THEORY OF KILLING
By Ruth Dusseault
One of the military’s largest unspoken challenges is that new soldiers will resist killing. After a full course of training, they are delivered to the theater of war. They do not shoot, even facing the enemy: perhaps awestruck by the likeness of their opponent. It is an age-old dilemma that puts the soldier at risk and threatens the success of the campaign. To address the problem, military scientists have developed simulation facilities that include virtual reality, video games and full-scale mock villages. In the civilian world, these innovations have inspired the entertainment industry to develop commercial games like Counter-Strike Global Offensive and entrepreneurs to build recreational battlefields for paintball, airsoft and milsim games. In Theory of Killing we find a paintball player who is clearly too innocent. His evasiveness creates a poetic reverie on our natural resistance to kill.
DR . DORIS DERBY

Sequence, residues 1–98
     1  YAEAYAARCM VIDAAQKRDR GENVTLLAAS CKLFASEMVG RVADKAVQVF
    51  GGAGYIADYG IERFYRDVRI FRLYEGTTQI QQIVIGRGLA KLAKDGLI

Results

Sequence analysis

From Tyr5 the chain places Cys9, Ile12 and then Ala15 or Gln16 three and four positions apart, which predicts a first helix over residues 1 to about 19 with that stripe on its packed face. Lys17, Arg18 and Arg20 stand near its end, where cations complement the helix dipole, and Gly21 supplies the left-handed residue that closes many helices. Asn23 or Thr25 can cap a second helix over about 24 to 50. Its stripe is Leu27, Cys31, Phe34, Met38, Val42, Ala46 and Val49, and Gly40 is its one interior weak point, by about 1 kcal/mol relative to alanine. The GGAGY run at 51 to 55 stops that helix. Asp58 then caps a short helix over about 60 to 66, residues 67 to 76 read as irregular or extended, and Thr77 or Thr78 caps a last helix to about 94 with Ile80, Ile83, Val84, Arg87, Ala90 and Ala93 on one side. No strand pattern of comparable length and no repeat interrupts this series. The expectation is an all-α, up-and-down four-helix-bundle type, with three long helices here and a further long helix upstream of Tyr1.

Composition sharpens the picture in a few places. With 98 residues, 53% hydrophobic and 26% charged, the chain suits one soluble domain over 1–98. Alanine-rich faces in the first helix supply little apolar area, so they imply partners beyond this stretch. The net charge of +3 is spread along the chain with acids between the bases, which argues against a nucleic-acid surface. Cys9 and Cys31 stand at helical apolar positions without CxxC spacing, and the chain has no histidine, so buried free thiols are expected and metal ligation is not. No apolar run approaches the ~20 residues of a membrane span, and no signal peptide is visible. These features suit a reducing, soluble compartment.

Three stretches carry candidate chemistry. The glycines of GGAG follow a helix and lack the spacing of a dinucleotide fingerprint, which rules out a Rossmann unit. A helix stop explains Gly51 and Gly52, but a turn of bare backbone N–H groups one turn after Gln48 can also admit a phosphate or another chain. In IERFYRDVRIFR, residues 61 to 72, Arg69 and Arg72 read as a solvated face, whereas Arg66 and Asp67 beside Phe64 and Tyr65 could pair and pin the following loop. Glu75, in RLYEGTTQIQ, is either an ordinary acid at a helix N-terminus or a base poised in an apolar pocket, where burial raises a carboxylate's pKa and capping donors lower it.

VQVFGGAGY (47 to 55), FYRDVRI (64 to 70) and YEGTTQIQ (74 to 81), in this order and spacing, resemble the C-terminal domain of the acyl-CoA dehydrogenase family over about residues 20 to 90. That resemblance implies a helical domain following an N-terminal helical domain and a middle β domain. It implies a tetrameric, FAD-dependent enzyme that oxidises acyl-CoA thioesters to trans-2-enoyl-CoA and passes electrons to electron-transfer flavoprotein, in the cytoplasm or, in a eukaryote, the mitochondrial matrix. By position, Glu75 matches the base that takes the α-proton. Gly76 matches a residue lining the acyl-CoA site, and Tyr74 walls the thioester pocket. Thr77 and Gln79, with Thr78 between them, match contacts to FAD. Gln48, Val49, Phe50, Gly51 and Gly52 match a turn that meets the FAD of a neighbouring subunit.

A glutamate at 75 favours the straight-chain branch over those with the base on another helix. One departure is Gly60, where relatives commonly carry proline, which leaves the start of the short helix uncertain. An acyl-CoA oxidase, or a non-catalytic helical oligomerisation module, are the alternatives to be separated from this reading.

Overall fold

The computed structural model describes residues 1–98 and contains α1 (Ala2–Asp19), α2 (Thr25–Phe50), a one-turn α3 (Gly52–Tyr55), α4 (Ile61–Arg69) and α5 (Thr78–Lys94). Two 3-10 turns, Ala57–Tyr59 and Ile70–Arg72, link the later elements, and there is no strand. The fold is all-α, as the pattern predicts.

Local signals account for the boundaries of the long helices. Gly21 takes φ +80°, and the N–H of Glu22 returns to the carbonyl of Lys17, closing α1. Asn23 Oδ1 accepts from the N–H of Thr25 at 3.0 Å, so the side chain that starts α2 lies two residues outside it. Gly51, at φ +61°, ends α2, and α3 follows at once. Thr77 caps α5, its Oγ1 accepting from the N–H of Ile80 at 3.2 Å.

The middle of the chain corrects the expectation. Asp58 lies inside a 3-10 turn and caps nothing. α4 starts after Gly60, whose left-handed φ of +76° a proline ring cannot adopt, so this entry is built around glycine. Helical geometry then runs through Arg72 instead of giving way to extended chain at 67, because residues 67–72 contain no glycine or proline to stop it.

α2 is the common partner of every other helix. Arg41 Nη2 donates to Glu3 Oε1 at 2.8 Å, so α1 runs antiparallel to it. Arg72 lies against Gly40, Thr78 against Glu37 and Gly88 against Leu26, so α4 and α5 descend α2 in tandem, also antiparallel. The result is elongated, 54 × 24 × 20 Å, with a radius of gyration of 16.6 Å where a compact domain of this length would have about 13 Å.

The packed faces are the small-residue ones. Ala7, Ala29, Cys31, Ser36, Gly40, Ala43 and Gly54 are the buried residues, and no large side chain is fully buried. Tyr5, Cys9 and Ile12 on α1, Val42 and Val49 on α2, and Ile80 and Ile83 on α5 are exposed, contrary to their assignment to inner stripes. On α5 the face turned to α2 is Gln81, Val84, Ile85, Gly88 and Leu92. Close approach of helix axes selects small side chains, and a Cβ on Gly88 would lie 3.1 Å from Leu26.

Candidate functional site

Dr. Doris Derby is an activist and documentary photographer. She was active in the Mississippi Civil Rights Movement, and her work is on the themes of race and identity of African Americans, specifically African American woman. Photographs on display depict public dialogue around the Democratic Party elections, Student Nonviolent CC, and the Free Southern Theater.
POTS AND KETTLES
By Michi Meko
Pots and Kettles is a sound installation taking ownership of the idiom “the pot calling the kettle black.” The expression illustrates how criticism of another may just as easily apply to the critic.
Pots & Kettles’ functionality exists within the theory of psychological projection. The theory suggests that a person may project their unwanted or undesirable feelings onto someone else rather than dealing with the emotion internally. This form of emotional scapegoating and neuross is where the project establishes its context within the history and conversation of race, power, and identity.
The installation's audio omponent s mined from historical archives and eb-basedcontent. The correspondence of Benjamin Banneker's letters to Thomas Jeffersonas well as the comment sections of various website provide voice and linear structure to the conversation.